Don’t Apply Online, Go Direct
Guest post by Rainbow Kirby, Digital Marketing Strategist, NYU grad student, currently freelancing and on the job hunt
Don’t Apply Online. By this I mean, filling out one of those 20-page automated job applications that no one EVER reads. My friend, an HR practitioner at a digital agency recently shared that her first stop to search for candidates is LinkedIn. Although there may be 100 applications from eager candidates in the company database, she doesn’t go there.
As a graduate student who has more than 10 years work experience and has had just as many jobs, I can confirm this is true. I’ve never received a response from an online application. Your time is valuable, so be as efficient as possible. Over the past few months, I have optimized landing interviews for myself. The usual suspects include connections, former colleagues and internships. But what if you don’t have an IN? Here are my suggestions:
#1 MAKE A LIST OF YOUR TARGET COMPANIES
While Disney and Amazon may be at the top, you need to expand much further. To add more, read Inc., Forbes, Fast Company and Entrepreneur. These magazines/web sites regularly feature the innovative companies that are growing and therefore hiring. Their open positions may not be on a job board, they may only be posted on the “Careers” section of their web site.
#2 FIND A POSITION, THEN FIND THE HIRING MANAGER ONLINE
When you see a role that’s a good fit, find the Hiring Manager on LinkedIn. If you can, avoid HR and go direct. If the position is for a Marketing Manager, find out who the Marketing Director is at that company. A search on LinkedIn is the best detective tool for this.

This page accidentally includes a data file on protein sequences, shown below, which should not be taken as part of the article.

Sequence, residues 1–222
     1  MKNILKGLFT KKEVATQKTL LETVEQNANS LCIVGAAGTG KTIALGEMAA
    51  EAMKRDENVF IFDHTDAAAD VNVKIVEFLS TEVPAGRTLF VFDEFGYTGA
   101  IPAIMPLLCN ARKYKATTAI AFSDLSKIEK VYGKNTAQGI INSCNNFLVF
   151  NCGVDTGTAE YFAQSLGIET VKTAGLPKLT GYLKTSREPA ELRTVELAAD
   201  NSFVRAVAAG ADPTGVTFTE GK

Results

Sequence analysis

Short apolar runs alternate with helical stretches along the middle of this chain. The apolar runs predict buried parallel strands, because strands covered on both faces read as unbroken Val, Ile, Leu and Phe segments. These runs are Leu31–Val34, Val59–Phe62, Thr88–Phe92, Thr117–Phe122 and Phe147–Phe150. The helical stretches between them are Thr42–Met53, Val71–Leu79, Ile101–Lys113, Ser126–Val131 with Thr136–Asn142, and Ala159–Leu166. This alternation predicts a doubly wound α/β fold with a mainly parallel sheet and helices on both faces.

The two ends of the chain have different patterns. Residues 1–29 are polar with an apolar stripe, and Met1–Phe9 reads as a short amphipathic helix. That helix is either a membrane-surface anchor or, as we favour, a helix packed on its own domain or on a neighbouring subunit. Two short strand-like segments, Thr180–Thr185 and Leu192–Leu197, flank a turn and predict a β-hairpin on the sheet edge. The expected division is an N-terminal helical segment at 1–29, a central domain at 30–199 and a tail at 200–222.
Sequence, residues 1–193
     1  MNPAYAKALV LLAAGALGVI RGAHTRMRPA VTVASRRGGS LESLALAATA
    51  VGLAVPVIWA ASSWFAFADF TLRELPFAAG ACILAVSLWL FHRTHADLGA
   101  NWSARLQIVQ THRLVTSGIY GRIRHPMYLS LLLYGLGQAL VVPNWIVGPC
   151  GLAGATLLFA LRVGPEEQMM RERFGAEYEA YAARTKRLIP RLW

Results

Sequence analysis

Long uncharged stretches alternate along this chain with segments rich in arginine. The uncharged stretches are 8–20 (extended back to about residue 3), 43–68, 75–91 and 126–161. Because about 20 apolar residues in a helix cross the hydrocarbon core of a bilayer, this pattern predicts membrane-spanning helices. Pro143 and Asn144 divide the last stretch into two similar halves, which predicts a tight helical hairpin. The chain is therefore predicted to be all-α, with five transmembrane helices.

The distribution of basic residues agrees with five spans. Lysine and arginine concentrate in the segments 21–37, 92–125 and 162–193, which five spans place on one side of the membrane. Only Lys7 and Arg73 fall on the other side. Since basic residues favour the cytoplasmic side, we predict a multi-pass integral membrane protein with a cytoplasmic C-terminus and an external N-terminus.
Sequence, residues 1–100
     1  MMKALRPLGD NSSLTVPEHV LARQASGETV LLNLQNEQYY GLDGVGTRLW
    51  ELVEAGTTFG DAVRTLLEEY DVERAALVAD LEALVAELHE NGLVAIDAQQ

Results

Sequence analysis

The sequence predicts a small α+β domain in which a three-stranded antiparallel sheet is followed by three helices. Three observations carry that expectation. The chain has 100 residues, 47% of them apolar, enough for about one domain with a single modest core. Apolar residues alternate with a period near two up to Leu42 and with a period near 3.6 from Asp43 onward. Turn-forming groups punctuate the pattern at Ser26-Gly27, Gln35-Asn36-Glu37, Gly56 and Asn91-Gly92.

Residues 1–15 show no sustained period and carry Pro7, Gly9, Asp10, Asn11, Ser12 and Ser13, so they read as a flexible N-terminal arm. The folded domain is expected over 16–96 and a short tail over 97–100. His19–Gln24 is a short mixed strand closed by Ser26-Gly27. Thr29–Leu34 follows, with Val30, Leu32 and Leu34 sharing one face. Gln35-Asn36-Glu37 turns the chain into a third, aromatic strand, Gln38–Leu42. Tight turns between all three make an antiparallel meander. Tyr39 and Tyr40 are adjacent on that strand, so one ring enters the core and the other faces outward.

#3 BEFORE YOU REACH OUT – RESEARCH THE CONTACT
No one likes to receive an email from a stranger “asking for something.” Review their work accomplishments and background via Google. Start your email with your admiration for their volunteer work or a campaign they created. This shows you’ve done your homework and it’s not all about you. Then you can ask for their “guidance” or “insight” into the opportunity at their company. Wouldn’t you be more willing to help someone who admired your work? If they are not the direct report, they will likely refer you to their colleague.
#4 EMAIL THEM DIRECTLY
You may be able to find their email address online in a company directory. If not, LinkedIn offers a product “InMail” which will send your email directly to the contact’s email inbox. This is much more valuable than just sending a LinkedIn message. While some may disagree, I believe the “Job Seeker” upgrade is worth every penny. You receive five InMail messages a month, with a guaranteed response. If the contact does not respond, it is automatically refunded back to your account. Plus, you can also see who has been looking at your profile.
What you do after you get the interview is up to you. But getting in the door is sometimes the hardest part and this is a much better way to go about it. Good luck!
Follow Rainbow @RainbowKirby or visit her at MakeMyDigiDay.com